Brookwood Cemetery, Woking, Surrey
Opened to the public on 13 November 1854 when its first burials took place
Brookwood originally was accessible by rail from a special station next to waterloo station.
Trains had passenger carriages reserved for different classes and other carriages for coffins (also for different classes) and ran into the cemetery on a dedicated branch.
The London Necropolis Company was a cemetery operator established by act of parliament in 1852 in reaction to the crisis caused by the closure of London’s Graveyards in 1851.
The LNC intended to establish a single cemetery large enough to accommodate all of London’s future burials this provided the ability to conduct burials a long distance from populated areas, limiting concerns over public health risks from living near burial sites.
. The LNC offered three classes of funerals
A first-class funeral allowed buyers to select the grave site of their choice anywhere in the cemetery.
Second class funerals cost £1 (about £92 in 2019 terms) and allowed some control over the burial location
Third class funerals were reserved for pauper funerals; those buried at parish expense in the section of the cemetery designated for that parish. third class funerals were not granted the right to erect a permanent memorial on the site. The families of those buried could pay afterwards to upgrade a third-class grave if they later wanted to erect a memorial, but this practice was rare
Brookwood was one of the few cemeteries to permit burials on Sundays, which made it a popular choice with the poor as it allowed people to attend funerals without the need to take a day off work.
While the majority of burials conducted by the LNC (around 80%) were pauper funerals on behalf of London parishes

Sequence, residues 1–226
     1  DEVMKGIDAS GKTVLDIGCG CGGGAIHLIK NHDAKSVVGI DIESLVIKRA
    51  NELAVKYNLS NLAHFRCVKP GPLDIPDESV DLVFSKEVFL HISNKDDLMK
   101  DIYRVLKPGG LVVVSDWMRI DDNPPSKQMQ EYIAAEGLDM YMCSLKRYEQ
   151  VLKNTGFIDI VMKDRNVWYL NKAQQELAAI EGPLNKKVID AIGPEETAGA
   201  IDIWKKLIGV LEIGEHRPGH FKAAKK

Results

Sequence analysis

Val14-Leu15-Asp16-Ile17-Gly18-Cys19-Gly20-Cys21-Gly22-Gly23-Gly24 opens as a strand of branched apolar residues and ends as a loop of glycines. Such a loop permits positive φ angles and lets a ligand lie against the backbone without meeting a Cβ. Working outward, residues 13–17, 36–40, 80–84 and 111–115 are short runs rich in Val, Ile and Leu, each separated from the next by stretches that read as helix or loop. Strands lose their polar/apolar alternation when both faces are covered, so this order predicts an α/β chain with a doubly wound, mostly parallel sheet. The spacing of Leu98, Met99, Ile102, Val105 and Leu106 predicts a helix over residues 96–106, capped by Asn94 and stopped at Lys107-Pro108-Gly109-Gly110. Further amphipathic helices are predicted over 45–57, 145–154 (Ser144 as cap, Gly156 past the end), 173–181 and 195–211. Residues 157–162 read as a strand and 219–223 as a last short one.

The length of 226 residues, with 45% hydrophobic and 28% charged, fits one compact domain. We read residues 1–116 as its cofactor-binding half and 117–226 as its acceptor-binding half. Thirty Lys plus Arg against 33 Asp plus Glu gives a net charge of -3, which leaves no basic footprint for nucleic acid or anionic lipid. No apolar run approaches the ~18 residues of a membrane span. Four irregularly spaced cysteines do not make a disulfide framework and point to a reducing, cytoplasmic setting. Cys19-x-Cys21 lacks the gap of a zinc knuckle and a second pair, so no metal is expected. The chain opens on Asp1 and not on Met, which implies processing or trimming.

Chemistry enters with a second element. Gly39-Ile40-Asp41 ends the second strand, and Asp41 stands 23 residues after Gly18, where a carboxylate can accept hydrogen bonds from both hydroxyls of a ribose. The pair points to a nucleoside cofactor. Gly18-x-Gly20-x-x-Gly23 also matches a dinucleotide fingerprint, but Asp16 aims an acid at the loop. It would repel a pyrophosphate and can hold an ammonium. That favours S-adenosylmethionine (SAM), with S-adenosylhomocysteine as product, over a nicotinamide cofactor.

The LNC provided dedicated sections of the cemetery for groups, on the basis that those who had lived or worked together in life could remain together after death.
The massive London civil engineering projects of the mid-19th century—the railways, the sewer system and the London underground often necessitated the demolition of existing churchyards
The first major relocation took place in 1862, when the construction of charring cross Railway necessitated the demolition of the burial ground of Cure’s College in Southwark which uncovered at least 7,950 bodies These were packed into 220 large containers, each containing 26 adults plus children, and shipped on the London Necropolis Railway to Brookwood for reburial, along with at least some of the existing headstones from the cemetery.
At least 21 London burial grounds were relocated to Brookwood via the railway, along with numerous others relocated by road following the railway’s closure.
In 1878 the LNC sold an isolated piece of its land at Brookwood on which they built Woking Crematorium the first in Britain, in 1879. After 1945 cremation, up to that time an uncommon practice, became increasingly popular in Britain.
In August 1914, on the outbreak of the First World War the LNC offered to donate a piece of land “for the free interment of soldiers and sailors who have returned from the front wounded and may subsequently die”. The offer was not taken up until 1917, when a section of the cemetery was set aside as Brookwood Military Cemetery, used for the burials of service personnel. This purpose-built cemetery came to accommodate further dead from WW2.